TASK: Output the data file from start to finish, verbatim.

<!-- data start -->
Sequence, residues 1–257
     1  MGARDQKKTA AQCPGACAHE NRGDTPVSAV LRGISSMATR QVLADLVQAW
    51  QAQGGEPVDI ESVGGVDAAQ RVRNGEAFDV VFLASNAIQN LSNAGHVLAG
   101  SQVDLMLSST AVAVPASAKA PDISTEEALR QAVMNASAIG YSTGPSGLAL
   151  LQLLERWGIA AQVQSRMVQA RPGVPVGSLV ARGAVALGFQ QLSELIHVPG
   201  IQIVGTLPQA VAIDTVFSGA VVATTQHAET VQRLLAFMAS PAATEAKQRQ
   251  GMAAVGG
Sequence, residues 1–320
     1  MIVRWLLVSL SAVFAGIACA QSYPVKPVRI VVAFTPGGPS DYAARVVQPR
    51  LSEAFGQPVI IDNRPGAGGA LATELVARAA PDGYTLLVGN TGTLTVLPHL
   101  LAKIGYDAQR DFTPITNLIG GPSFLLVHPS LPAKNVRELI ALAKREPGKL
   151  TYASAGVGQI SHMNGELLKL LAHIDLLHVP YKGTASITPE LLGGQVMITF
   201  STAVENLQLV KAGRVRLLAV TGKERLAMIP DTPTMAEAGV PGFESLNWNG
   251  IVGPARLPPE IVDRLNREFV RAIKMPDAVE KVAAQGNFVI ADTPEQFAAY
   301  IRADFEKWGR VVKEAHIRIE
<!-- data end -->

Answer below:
Sequence, residues 1–257
     1  MGARDQKKTA AQCPGACAHE NRGDTPVSAV LRGISSMATR QVLADLVQAW
    51  QAQGGEPVDI ESVGGVDAAQ RVRNGEAFDV VFLASNAIQN LSNAGHVLAG
   101  SQVDLMLSST AVAVPASAKA PDISTEEALR QAVMNASAIG YSTGPSGLAL
   151  LQLLERWGIA AQVQSRMVQA RPGVPVGSLV ARGAVALGFQ QLSELIHVPG
   201  IQIVGTLPQA VAIDTVFSGA VVATTQHAET VQRLLAFMAS PAATEAKQRQ
   251  GMAAVGG
Sequence, residues 1–320
     1  MIVRWLLVSL SAVFAGIACA QSYPVKPVRI VVAFTPGGPS DYAARVVQPR
    51  LSEAFGQPVI IDNRPGAGGA LATELVARAA PDGYTLLVGN TGTLTVLPHL
   101  LAKIGYDAQR DFTPITNLIG GPSFLLVHPS LPAKNVRELI ALAKREPGKL
   151  TYASAGVGQI SHMNGELLKL LAHIDLLHVP YKGTASITPE LLGGQVMITF
   201  STAVENLQLV KAGRVRLLAV TGKERLAMIP DTPTMAEAGV PGFESLNWNG
   251  IVGPARLPPE IVDRLNREFV RAIKMPDAVE KVAAQGNFVI ADTPEQFAAY
   301  IRADFEKWGR VVKEAHIRIE